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The first fire brigade in Toronto’s Parkdale neighbourhood.
Photo courtesy City of Toronto Archives

 
Notably, the PFPC for commercial lines is intricate and complex while the DPG for personal lines is simplified and makes a number of key assumptions. One of the most important assumptions of the DPG system is that the level of fire risk inherent to detached dwellings (and duplexes) can be considered a constant when measuring adequacy of fire protection response. The level of risk is measured in terms of required fire flows and largely depends on the size and construction of the building considered. 

Many insurance companies also simplify the fire insurance grades to a three-tier system, interpreting the fire insurance grades as being Table 1, Table 2, Table 3, or protected, semi-protected and unprotected respectively. These are derivations of the DPG and PFPC systems; each insurance company has its own specific criteria for interpreting the fire insurance grades but they are generally similar.

■ How do communities benefit?
Fire insurance grades allow Canadian communities to improve their fire protection levels incrementally in a measured fashion that can provide cost savings to property owners through reduced insurance premiums. Although these cost savings may not entirely offset the cost of fire protection, this is one of the few government service areas that does result in a return on investment.

The use of fire insurance grades in Canada results in:
  • Incentivizes should this be incentives? for improvements to public fire protection, prevention and building controls;
  • improved fire protection levels in communities;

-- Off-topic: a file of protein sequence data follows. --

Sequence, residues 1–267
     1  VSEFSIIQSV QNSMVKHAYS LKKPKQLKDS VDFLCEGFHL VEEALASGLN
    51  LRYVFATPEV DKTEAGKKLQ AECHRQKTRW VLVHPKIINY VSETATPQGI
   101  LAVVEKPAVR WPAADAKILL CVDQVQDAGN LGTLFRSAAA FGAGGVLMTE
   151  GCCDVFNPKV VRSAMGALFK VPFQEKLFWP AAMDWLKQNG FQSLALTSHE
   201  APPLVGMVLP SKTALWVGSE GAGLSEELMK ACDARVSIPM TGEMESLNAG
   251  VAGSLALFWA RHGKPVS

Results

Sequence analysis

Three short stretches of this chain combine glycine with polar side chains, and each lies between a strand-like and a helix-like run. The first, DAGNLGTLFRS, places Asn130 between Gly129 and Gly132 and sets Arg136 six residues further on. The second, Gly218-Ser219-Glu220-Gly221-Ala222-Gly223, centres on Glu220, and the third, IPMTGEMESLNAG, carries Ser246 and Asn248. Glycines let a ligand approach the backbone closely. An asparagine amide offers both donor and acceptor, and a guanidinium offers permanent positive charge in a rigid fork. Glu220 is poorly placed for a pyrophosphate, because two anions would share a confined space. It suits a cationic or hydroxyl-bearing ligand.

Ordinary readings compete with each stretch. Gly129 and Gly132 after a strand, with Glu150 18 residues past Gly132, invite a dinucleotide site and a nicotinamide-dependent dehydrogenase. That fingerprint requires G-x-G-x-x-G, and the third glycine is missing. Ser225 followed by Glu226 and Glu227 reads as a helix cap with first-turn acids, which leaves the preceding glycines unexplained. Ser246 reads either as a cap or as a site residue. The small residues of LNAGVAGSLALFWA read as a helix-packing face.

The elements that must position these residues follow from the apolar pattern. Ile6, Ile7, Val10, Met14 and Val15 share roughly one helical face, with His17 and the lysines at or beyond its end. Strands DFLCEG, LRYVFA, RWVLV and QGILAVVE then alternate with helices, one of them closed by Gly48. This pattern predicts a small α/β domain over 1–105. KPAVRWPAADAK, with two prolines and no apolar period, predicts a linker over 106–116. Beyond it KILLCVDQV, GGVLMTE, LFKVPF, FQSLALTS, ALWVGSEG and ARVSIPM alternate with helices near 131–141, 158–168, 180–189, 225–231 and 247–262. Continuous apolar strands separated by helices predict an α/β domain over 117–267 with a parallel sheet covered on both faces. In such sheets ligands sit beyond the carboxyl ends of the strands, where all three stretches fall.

• improved stability in the fire insurance market;
  • improved standardization in fire protection levels;
  • improved standardization in water supply development;
  • improved standardization in fire risk management.

■ How much can property owners save?
Property owners can receive significant cost savings on insurance when the fire insurance grade in a community improves. For example, compare a detached dwelling property insured in a community with no fire protection recognized for fire insurance grading as to a property with identical characteristics in a community with a fire insurance grade that correlates to “protected”. The difference in fire insurance rates could be as much as 70 per cent per year. If the base cost of insurance is $2,000 a year, and when considered across hundreds of similar properties, the cost benefit of providing fire protection services that are recognized for fire insurance grading purposes is readily apparent.

Note that sometimes property insurance rates change even if the fire insurance grades remain the same. Insurers use the fire insurance grades as part of the determination of property insurance rates but fire is just one part of that determination (others include crime and flood, for example). Insurance companies are also directly affected by their own loss experience and the economic climate as they are generally invested in various markets.

■ What does this mean for my community?

It is important that local representatives of communities know the fire insurance grades and use this information in planning communities and developing fire protection service levels so that constituents can receive the greatest benefit possible when insuring their properties.

Michael  Currie is the director of Fire Underwriters Survey for western Canada and can be reached at This e-mail address is being protected from spambots. You need JavaScript enabled to view it or 1-800-665-5661.